Kathy Murphy

  • Title: Senior Program Director, Tuesday’s Children, co-founder Survivors of Tragedy Outreach Program (STOP)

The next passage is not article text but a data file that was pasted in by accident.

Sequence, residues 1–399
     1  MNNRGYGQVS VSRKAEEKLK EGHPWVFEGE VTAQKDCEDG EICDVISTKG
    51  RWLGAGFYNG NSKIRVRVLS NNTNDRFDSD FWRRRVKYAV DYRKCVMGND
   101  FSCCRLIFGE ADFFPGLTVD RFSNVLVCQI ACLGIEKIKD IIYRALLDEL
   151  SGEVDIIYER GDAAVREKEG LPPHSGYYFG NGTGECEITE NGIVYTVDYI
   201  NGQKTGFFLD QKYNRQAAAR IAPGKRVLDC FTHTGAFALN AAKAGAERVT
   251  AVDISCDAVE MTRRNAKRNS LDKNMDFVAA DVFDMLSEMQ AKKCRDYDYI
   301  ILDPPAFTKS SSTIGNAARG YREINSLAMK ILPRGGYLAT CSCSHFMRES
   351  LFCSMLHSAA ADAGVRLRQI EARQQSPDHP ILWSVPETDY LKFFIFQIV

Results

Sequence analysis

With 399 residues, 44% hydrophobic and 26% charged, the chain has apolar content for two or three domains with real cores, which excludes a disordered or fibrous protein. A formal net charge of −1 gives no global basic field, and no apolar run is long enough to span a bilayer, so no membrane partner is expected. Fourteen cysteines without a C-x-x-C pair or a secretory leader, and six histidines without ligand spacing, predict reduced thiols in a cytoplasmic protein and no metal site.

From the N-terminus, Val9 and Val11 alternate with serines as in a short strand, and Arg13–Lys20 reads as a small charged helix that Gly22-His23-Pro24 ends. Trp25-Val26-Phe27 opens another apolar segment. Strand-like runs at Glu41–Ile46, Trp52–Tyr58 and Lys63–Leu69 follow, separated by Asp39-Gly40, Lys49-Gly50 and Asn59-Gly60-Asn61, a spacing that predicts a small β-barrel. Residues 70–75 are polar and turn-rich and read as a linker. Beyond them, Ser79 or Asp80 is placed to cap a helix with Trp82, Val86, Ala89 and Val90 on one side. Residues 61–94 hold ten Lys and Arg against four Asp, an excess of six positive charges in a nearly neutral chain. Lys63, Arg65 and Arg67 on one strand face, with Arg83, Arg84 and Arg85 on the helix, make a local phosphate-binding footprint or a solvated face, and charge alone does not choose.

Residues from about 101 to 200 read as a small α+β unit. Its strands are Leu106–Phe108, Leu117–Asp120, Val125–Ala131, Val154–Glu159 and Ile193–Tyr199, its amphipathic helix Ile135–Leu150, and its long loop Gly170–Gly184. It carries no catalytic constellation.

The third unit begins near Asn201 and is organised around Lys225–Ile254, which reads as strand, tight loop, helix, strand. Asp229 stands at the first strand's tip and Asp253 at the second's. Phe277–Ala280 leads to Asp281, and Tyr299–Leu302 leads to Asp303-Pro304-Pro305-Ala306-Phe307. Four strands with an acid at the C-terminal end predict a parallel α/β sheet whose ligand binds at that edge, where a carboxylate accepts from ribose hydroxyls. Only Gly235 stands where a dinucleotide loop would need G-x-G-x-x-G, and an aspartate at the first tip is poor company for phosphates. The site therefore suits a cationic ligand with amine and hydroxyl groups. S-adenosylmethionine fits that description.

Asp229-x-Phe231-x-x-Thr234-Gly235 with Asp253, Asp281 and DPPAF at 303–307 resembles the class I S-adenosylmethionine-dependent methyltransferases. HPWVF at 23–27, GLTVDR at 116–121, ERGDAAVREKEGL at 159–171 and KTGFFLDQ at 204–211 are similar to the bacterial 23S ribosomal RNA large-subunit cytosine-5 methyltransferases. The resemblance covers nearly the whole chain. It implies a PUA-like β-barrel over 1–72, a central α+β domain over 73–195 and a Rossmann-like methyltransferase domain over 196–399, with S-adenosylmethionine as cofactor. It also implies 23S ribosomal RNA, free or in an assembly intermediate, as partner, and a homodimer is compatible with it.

• Bio: Kathy Murphy is a Senior Program Director. Kathy has been part of the Tuesday’s Children since shortly after the organization launched in 2002. She spearheaded a platform of teen programs creating the Helping Heals Program, Career Paths Program (CRC) and Project COMMON BOND (PCB) as well as a source in codifying the Long Term Healing Model (LTHM). Of particular note, Kathy has been the Program Director for Project COMMON BOND, an international program launched in 2008, bringing together young adults worldwide who have experienced loss due to terrorism or military conflict. To date over 1000 youths representing 34 countries have attended the annual eight day symposium. The curriculum is based on exploring the elements of dignity, cultural understanding, and conflict resolution with the objective of turning pain into purpose. She is a founding member of STOP, Survivors of Trauma Outreach Program which provides peer support and resources to communities impacted by mass violence. Kathy graduated from Providence College with a BA in Social Work. She brings a historical perspective to the story of Tuesday’s Children, having worked with hundreds of our family members for the better part of 20 years, assessing their needs and creating programmatic solutions as well as cultivating and maintaining global partnerships to support the mission of Tuesday’s Children. Kathy oversees all aspects of the programs and assists with fundraising initiatives, grant proposals, curriculum development, domestic and international outreach and program logistics. She is certified as a Grief Educator. Kathy often represents Tuesday’s Children at international conferences for victims of terrorism and at the invitation from the United Nations CCT was a participant in a closed session of leading NGO’s to codify best practices in meeting the needs of victims. She was raised in Manhasset, NY, is married with five children.